What I Learned as a White Woman When I Attended an Event Geared Toward Black Women

Earlier today, I gained perspective from Black women when I attended an event held by the Ladies Society of Collegiate Success, "Conversations of the New Black Woman." Before today, I was ignorant about the emotions and issues that Black women face every single day. I had never attended an event or heard someone speak about these issues before.

The even opened with a poem written and presented by LaNia Cole, which gave me goosebumps and let me know I was about to gain some serious knowledge. I have transcribed it at the end of this article.

This poem led to the first point that I learned about Black women:

1. Black women are more susceptible to depression, insomnia, anxiety, and other mental disorders.

Black women have so many standards to uphold. "Don't get too emotional. Stop being loud and obnoxious. Be strong all of the time—don't let yourself be vulnerable." More importantly, "don't let anyone see your vulnerable side."

Can you imagine holding all of that in and working every day to fit the standards that society has set for you?

Does the fact that I can't imagine that feeling mean that White women are held to a different standard than Black women?

Kiera Butler and Amber Arthur discussed this with the audience. They pointed out that a woman holding all of this weight on her shoulders by herself is what could lead to her becoming depressed and even suicidal.

I learned about the importance of those who go through this to talk to others about how they feel. Cole said that when she talks to her friends about an incoming anxiety attack, her friends actually help her "squash" her anxiety. This helped me realize the importance of being the listener for my friends and helping them combat this issue.

Next, Auburn University professor Dr. Julia Charles walked on stage, encouraging hoops and hollers from some of her students. Many know her class for being eye-opening and life-changing. She taught me my next point.

2. Black women (and women in general) are hypersexualized.

People expect women to be sexy, but not sexual.

Although the general population of women has to deal with men policing their bodies daily, I learned that Black women who are on the market for a job are policed even further.

In today's standards, women who want to look smart, kept, and successful should wear a pencil skirt. They should have neat hair. They should speak properly.

What if your body didn't fit that mold?

As a skinny White girl with straight hair, I do fit that mold. But what if I had thick, curly hair that didn't fit into a neat bun or long, thick braids? I might get questions about my hair—and Charles has gotten these questions. She also talked about how if she wears a pencil skirt, she is going to show a lot of her thighs. In the job market, potential employers may think this is over-sexualized. But why? It's a question I couldn't answer.

Last, Charles spoke this quote, which shook me to my core:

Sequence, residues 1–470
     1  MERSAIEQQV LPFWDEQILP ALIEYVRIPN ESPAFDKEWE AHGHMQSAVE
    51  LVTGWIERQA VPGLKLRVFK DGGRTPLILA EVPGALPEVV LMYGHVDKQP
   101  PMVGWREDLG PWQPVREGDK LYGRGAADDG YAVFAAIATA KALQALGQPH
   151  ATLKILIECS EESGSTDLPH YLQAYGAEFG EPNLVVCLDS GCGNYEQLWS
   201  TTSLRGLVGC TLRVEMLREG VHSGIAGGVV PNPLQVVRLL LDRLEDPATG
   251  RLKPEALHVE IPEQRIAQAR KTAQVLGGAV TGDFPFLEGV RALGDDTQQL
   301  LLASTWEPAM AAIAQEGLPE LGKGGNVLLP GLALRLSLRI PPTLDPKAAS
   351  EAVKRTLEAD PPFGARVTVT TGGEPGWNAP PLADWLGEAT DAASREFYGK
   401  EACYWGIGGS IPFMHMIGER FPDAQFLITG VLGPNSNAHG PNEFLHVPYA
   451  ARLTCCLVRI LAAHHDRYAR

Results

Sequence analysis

3. "We think men and women are equal or we don't. There is no in-between."

I always thought that women were somewhat equal with men because we have had some awesome wins since the feminism movement started. But you can't be almost equal to something. Four isn't almost equal to five. It either is... or it isn't.

This call to action left me with a need to get out and do more. I'm glad I made the decision to come to this event because I gained some perspective that I never even considered before.

 

Read Cole's poem below:

I am not human.

I can't possibly be.

I'm stuck in my own world, I'm stuck in my own head, I'm stuck in every social situation that I've had.

My life is a series of locks and the inability to escape like I'm an animal, a criminal, or specimen in a cage.

I am not human.

Because as a child, they told me to hide, told me to lie, disregarded me as being something called too emotional, over-stressed.

The only stress that I have comes from the weights that my own brain is piling on my shoulders

and instead of holding me up, you're just telling me to get stronger

because no man wants a weak woman.

No man wants a sad woman.

Who just complains about problems that aren't even her problems

Because her problems can't ever compare to his.

She's just over-sensitive, over-dramatic, over-analyzing

She's over people over-generalizing her as crazy.

She's tired of being labeled depression and anxiety, bipolar, some other over-diagnosed disorder.

They don't even listen.

They just tell us to pop pills until our problems don't give us pain anymore.

I am not human.

I can't be human.

But maybe that's a good thing

Maybe it is not me who is crooked, distorted

Maybe my words are beautifully worded

My thoughts are strokes on a blank canvas

There's beauty in creation

And in all of this madness, my touch is gentle because I have been broken

I speak out because I am soft-spoken, I am sturdy because I know what it is like to fall

I have been abandoned so I love with my all.

I am not a woman with a disability.

I am a woman with a mental ability to think beyond, dream beyond, and be beyond the person I ever thought I could be.

And if a man doesn't want a woman like that, well, that's fine by me.